[Our friends Martin and Brian have asked me to drop the old phonograph needle on some of their tunes, perhaps some lesser known, and report back to everyone. This month is a tangent.]
Folks who follow Switchback see occasional dates on their schedule marked “Outreach Program.” Let’s go close-up with one of those, one that happened in October in Springfield, Illinois.
The Hope Institute for Children and Families provides educational and residential services to children facing extraordinary cognitive, physical and emotional challenges. Switchback came for a week-long residency, everything from one-on-one engagement to an all-school concert to the finish their time there.
This outreach program was quite different from a one-show gig. To plan their time, Martin McCormack and Brian FitzGerald worked with Hope’s music therapist for months leading up to their week at the school. Alisabeth Hopper helped the band create a curriculum, a compendium of lesson plans to be piloted at her Hope Learning Center. Full of details, activities, aims and goals this “HopeWork” is designed to be used in part or whole at other facilities by other musical performers.
Then, of course, there are all the fun parts.
About 30 youngsters arrive in a smallish space along with half a dozen staff. Marty and Brian have met all these folks earlier in the week, and most of today's songs have been sung in smaller classroom rehearsals. With the band plugged in just a few feet from the front row, first up is a medley of sing-alongs working off the same tune. It’s “Twinkle, Twinkle Little Star” easily oozing into “Baa, Baa, Black Sheep” with a smooth segue into “The ABC Song” where Marty asks Brian if he’s truly confident of the lyrics.
Songs throughout this half-hour session start and end gently, the idea being to stimulate but not over-stimulate Hope’s students.
Next up, so to speak, is “Take Me Out to the Ballgame” with full-throat audience participation on the “One, two, three strikes you’re out!” line.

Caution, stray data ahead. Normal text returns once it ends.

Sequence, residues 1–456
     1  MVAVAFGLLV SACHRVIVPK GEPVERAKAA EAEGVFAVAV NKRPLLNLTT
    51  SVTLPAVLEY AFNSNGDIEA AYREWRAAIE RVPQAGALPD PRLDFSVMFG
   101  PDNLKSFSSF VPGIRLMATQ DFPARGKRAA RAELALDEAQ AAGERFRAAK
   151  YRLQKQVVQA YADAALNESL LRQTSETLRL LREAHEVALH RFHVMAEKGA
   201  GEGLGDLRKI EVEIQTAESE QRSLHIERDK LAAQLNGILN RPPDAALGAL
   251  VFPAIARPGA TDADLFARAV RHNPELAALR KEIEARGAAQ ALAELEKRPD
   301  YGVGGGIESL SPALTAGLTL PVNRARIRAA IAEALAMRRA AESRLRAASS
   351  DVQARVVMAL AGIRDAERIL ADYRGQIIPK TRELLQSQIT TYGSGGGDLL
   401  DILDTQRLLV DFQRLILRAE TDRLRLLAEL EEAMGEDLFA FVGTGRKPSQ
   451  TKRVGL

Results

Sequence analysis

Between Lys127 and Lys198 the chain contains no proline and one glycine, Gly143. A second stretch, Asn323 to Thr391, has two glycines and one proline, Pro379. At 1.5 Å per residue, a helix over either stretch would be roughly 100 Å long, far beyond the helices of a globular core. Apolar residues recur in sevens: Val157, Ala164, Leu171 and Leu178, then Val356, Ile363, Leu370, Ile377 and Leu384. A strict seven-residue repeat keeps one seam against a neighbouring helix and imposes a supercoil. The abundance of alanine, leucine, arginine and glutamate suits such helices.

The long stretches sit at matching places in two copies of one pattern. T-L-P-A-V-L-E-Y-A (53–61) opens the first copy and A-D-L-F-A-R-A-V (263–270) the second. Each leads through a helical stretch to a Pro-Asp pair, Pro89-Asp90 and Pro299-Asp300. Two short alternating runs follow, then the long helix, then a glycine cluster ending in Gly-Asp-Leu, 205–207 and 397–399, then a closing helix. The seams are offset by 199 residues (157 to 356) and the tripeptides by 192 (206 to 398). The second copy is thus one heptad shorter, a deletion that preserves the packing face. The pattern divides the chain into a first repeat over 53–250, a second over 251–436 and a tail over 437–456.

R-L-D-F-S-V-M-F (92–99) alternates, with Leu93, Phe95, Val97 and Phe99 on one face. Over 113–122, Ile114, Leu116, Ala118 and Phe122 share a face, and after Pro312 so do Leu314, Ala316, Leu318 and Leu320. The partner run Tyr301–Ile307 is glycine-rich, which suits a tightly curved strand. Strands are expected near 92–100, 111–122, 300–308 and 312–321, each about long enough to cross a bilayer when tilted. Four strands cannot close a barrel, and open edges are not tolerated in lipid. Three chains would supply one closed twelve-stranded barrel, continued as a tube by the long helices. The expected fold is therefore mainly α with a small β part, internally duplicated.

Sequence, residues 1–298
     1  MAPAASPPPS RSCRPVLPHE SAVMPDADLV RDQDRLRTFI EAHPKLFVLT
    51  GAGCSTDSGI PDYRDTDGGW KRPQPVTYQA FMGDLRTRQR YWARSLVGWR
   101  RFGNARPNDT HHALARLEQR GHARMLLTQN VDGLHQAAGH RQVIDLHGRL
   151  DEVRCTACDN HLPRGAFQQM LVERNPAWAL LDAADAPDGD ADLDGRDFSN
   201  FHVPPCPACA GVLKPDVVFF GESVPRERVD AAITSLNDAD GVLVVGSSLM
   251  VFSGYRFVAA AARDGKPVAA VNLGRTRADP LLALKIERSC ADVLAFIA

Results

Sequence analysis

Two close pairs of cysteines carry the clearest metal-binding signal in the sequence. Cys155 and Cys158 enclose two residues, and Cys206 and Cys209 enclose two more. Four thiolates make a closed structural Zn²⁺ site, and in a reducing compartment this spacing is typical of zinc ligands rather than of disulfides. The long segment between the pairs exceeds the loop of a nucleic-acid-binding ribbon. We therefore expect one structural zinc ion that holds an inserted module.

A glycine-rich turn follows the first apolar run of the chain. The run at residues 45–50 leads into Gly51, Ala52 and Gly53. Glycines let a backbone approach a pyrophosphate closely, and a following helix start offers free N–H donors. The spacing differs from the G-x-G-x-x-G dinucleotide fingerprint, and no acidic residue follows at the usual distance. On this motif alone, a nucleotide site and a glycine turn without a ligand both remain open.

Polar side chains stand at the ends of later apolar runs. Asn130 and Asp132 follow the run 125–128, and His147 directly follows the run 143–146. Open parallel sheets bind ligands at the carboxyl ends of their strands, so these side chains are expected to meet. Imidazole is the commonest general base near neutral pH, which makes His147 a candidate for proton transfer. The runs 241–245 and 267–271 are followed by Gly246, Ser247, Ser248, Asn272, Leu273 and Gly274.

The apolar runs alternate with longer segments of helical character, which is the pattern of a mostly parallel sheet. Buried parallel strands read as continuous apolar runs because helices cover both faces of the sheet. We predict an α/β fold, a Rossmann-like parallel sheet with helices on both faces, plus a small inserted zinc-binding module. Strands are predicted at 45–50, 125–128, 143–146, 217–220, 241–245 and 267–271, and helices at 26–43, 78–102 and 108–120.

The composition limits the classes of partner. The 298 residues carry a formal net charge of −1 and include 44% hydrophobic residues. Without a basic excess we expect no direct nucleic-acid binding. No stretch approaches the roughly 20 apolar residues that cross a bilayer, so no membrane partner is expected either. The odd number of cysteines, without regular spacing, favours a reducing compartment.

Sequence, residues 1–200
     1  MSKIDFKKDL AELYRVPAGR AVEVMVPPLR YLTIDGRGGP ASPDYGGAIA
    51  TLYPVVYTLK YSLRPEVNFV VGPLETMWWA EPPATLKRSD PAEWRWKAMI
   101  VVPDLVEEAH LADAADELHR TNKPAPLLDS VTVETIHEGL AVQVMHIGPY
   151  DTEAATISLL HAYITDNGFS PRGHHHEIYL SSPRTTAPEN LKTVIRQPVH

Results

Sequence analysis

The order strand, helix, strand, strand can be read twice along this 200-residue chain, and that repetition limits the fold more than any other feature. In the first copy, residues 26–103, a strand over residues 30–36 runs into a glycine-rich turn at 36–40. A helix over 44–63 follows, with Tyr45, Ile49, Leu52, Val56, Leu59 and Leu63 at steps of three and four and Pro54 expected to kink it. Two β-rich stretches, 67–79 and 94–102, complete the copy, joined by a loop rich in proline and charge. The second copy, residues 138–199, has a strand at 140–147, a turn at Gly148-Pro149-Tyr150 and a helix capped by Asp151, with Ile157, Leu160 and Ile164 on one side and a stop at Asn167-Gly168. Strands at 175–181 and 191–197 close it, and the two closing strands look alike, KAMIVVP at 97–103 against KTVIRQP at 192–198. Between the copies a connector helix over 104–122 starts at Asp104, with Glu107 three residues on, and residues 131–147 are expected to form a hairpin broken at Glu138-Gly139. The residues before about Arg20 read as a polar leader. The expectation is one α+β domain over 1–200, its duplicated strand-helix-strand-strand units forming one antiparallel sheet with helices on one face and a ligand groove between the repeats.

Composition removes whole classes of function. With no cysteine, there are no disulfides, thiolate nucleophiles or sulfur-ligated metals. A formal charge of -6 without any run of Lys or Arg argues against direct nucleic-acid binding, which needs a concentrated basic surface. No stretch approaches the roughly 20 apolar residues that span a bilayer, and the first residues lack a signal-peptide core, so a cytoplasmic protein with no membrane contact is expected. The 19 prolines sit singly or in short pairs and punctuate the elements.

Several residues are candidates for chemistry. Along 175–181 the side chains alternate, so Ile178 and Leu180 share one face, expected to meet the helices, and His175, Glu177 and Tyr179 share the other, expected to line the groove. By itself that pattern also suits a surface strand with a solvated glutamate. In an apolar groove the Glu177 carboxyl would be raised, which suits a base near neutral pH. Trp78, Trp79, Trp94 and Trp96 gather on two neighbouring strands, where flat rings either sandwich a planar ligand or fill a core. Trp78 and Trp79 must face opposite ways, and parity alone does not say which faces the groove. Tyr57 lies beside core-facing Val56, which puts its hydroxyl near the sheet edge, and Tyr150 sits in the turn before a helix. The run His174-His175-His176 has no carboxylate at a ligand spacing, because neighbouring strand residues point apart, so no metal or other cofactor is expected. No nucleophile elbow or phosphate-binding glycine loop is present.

Marty then reminds the students they are working on “White Christmas” for their upcoming holiday show so they should give that one a try. The room is full of singing and signing the familiar December-dream carol. Later the audience is asked for a song suggestion. It’s “Jingle Bells” with bells handed out and enthusiastic response to the shouted “Hey!” with Brian upping the tempo each time around on his new mandolin.
Most of us have witnessed Switchback absorb energy from their audiences. That is not different here with the youngsters’ encouragements ranging from small to dramatic. One Hope staff member commented that among performers at the school Brian and Martin are clearly more interactive and that they listen for what the students want.
Switchback did an instrumental so the audience could be the percussion section, slapping out beats on their thighs. It was just a strum-along, but Brian, always the creator, started whipping off licks on his Taylor M4-CE that would fly on any stage.
With the end near, Switchback led the singing of that tender and saucy tale of an errant meatball sneezed into oblivion - “On Top of Spaghetti” - to the delight of all.
After a few small-group photos with much hugging and many smiles, Switchback finished with Hope’s traditional good-bye song and its lyric “Music is over until next time.” Then Marty signs off with a warning about the next day’s closing concert: “There might be dancing!”
Here is the full disclosure section. My lovely wife Sheila Walk heads our Springfield Area Arts Council which funded this whole wonderful week by hiring Switchback and Hope’s music therapist. Back years ago when I first met Martin and Brian, they were fresh from a half-day at this same Hope Institute. Over lunch Marty said Switchback wanted to be “the house band for Hope.” Pretty damned endearing. Sheila says it took a few years and a generous bequest, but this year she made it happen.
Doug Kamholz is an itinerant washboard player who has freelanced for the New York Times, Washington Post and many lesser media. His most honest work was as a pig farmer in central Illinois, where he now lives and occasionally makes dinner for Switchback.
American Roots & Celtic Soul